Thursday, December 21, 2006
I'm not a huge fan of 'intrusive advisement,' 'counseling,' 'mandatory advisement,' or any of the various number of 'for your own good' hoops that colleges increasingly make students jump through in the name of retention.
That's not because they always fail. They don't. In some cases, they can be surprisingly successful on their own terms. It's just that they grate against my sense of what college is supposed to be.
There's a story in IHE about colleges beefing up their counseling staffs to help students choose majors early, on the theory that students who know what they want are likelier to get it. Students who change majors multiple times, or who flop around aimlessly, are likelier to take longer to graduate, or to drop out. There's an obvious correlation/causation issue here – do students finish earlier because they know what they want, or are the types of students who can commit to a major also the types of students who can commit to finishing a program – but it's also true that students who change majors routinely set themselves back relative to graduation, since courses that counted in the first program might not count in the second. I've seen that directly, as students who started in, say, Nursing, are annoyed to find that some of the credits don't carry over to, say, Early Childhood Education. And it's certainly true that the right clue, given at the right moment, can save a student all manner of hassle.
One of the frustrations of administration is the constant reminder of the gap between what things are and what they could or should be. In my personal vision of college, students are responsible for their own academic decisions, including decisions about class attendance, course selection, scheduling, and majors. If a student chooses a class that doesn't count towards her major, that's a life lesson for her. (This position is predicated on the assumption that policies and requirements are written down, relatively consistent over time, and easily accessible. It's only fair to provide every student access to the college catalog, for example. Even drop-in advisement should be available, free of charge, for those students who choose on their own to avail themselves of it. Whether the student bothers to take advantage of these resources should be up to the student.)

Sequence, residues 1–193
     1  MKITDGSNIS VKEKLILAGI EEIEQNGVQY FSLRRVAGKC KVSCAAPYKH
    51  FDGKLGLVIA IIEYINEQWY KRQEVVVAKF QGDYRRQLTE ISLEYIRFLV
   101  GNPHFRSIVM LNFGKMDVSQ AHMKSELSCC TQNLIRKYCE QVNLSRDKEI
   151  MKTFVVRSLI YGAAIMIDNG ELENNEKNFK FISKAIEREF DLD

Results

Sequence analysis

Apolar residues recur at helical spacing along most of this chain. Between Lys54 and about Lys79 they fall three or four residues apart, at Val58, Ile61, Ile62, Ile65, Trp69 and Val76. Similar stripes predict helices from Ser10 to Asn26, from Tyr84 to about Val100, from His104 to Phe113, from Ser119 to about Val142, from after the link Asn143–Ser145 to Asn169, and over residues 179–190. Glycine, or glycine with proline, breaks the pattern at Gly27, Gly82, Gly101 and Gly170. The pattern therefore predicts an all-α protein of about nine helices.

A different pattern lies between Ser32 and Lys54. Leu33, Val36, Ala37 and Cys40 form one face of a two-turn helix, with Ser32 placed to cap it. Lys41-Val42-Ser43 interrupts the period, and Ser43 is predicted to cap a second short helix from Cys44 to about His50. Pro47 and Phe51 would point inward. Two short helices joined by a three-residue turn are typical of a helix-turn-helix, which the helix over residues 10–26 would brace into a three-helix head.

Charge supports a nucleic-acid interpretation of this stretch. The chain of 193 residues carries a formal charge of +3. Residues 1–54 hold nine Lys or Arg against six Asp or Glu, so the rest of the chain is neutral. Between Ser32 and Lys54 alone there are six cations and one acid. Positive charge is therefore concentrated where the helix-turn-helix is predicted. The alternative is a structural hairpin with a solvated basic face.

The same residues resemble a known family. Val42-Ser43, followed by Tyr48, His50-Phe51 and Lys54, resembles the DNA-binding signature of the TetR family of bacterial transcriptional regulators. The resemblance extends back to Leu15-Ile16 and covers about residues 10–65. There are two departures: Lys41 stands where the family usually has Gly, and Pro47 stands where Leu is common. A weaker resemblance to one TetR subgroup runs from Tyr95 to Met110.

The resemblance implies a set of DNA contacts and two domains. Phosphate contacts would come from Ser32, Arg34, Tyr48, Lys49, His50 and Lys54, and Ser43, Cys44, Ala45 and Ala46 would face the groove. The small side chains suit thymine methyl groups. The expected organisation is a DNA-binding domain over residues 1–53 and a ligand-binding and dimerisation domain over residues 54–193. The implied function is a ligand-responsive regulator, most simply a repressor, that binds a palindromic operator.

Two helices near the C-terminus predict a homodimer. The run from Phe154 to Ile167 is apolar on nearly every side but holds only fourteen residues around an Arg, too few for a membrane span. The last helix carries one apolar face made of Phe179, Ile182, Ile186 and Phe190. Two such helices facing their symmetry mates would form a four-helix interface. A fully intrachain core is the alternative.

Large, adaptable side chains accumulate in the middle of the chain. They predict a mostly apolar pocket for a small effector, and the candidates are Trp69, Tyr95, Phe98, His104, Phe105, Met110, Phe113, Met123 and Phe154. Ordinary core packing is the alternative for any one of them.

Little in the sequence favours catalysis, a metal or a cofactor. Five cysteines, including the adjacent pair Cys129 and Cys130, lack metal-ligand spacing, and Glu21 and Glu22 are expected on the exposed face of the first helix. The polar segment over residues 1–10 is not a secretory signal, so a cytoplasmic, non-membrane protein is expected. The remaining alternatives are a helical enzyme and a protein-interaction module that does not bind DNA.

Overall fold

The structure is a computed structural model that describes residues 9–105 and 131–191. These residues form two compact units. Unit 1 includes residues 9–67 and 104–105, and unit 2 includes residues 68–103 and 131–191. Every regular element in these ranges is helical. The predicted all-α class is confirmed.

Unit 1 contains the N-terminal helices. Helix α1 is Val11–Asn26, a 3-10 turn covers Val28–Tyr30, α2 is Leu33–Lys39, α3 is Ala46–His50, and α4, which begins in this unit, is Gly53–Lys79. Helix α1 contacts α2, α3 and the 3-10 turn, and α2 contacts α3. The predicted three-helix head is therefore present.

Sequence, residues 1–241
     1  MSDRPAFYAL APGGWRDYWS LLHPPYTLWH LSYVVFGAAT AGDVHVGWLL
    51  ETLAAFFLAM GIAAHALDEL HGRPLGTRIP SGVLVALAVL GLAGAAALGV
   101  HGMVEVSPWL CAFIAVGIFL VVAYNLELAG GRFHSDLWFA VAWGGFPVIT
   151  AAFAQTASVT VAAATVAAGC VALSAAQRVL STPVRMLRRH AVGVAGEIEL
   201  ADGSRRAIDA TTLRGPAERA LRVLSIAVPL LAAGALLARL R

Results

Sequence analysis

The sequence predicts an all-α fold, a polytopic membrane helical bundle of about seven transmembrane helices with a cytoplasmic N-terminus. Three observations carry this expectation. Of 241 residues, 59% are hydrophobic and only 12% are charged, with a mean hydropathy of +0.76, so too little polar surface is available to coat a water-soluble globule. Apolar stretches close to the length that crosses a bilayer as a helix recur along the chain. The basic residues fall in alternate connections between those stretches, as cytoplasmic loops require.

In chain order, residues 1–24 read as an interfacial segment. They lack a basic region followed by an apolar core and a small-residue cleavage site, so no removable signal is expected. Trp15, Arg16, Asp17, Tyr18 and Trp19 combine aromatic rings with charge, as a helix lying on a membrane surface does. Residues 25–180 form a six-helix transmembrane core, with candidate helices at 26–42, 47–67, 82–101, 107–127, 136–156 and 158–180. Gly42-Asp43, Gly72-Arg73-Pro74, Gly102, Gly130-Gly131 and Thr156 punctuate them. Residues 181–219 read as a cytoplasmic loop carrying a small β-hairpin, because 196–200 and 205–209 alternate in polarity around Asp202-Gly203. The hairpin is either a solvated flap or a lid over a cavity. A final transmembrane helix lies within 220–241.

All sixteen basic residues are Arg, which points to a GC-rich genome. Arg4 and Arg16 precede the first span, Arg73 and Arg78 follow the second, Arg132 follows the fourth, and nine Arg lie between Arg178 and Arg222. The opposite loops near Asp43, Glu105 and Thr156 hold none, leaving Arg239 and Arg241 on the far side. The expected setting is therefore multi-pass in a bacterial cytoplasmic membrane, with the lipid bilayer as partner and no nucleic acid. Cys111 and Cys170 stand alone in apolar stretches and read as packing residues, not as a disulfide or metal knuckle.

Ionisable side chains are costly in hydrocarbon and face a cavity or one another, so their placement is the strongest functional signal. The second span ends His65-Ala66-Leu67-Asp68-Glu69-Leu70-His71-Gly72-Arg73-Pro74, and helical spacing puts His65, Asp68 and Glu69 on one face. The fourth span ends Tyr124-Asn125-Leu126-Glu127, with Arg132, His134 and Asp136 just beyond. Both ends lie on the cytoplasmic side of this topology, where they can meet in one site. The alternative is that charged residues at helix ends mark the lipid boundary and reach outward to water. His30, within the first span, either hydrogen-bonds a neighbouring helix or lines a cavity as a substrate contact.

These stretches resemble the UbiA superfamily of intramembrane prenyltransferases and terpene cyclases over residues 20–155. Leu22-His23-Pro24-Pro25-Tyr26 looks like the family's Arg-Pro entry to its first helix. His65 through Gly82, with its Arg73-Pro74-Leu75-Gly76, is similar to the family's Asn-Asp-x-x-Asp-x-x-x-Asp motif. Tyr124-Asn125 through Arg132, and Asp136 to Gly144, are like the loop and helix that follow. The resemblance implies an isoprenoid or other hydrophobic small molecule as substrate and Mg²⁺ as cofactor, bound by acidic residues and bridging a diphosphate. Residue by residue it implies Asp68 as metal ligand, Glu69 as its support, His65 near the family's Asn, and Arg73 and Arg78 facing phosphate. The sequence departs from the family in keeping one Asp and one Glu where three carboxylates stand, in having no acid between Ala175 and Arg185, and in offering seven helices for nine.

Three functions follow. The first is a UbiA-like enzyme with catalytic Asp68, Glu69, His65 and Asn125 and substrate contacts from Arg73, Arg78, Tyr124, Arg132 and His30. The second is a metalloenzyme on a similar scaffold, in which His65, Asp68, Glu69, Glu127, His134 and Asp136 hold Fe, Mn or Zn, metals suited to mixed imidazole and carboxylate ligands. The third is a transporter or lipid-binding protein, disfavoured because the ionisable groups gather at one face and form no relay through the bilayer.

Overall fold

The intrusive advisement model and its offshoots take the goal of college as graduation, and take a 'whatever works' approach to helping students achieve that goal. Sometimes, these methods actually do improve graduation rates. I just wonder what 'graduation' means when it requires so much help.
This is a cold-hearted position, in some ways, and anybody who wants to can find worthy counterexamples to show the value of handholding in specific cases. I don't advocate this position on campus, since there are other fish to fry and I don't want to get into a battle-of-poignant-stories. Compromises with reality are part of the cost of doing business, so I let this one slide and try to focus on areas in which real progress is likelier. I don't choose this battle. That said, I've never really been convinced that a student who got through only with tremendous help has achieved the same thing as a student who got through pretty much on her own.
(There are real financial arguments on both sides. The pro-intrusion side can cite, correctly, the taxpayer subsidy to tuition for students who hang around longer than they should, as well as the taxpayer subsidy to financial aid. The skeptics can cite, correctly, the cost to taxpayers of paying the salaries of the counselors and advisors. I've never seen a rigorous empirical cost-benefit study of this, to see which outweighs the other, and I honestly don't know what it would show.)
If it were up to me, given an infusion of money, I'd rather hire full-time faculty than full-time counselors. The counterargument might be that more counselors would lead to greater retention, and, over time, to more faculty. The higher ed employment trends of the last thirty years would suggest that the counterargument is mostly wrong, but it's tough to isolate variables like that. Did the explosion of student support services siphon off resources from faculty, thereby driving the trend towards adjuncts, or are the two disconnected? Hell, it may even be the case that, absent those services, the financial issues driving the adjunct trend would have been even worse. I just haven't seen a good study of that.
One of the life skills I'd like college to help impart – at least to traditional-aged students, since older students have usually picked this up already – is the ability to figure out what to do when nobody tells you directly. Since we don't measure that directly, students can graduate without really developing much of that. I'm concerned that the 'intrusive advisement' model makes it easier for students who are already weak in this area to stay weak. That's not to deny for a minute that they can pick up these skills elsewhere, and many do, but I can't help but think that college should play a role.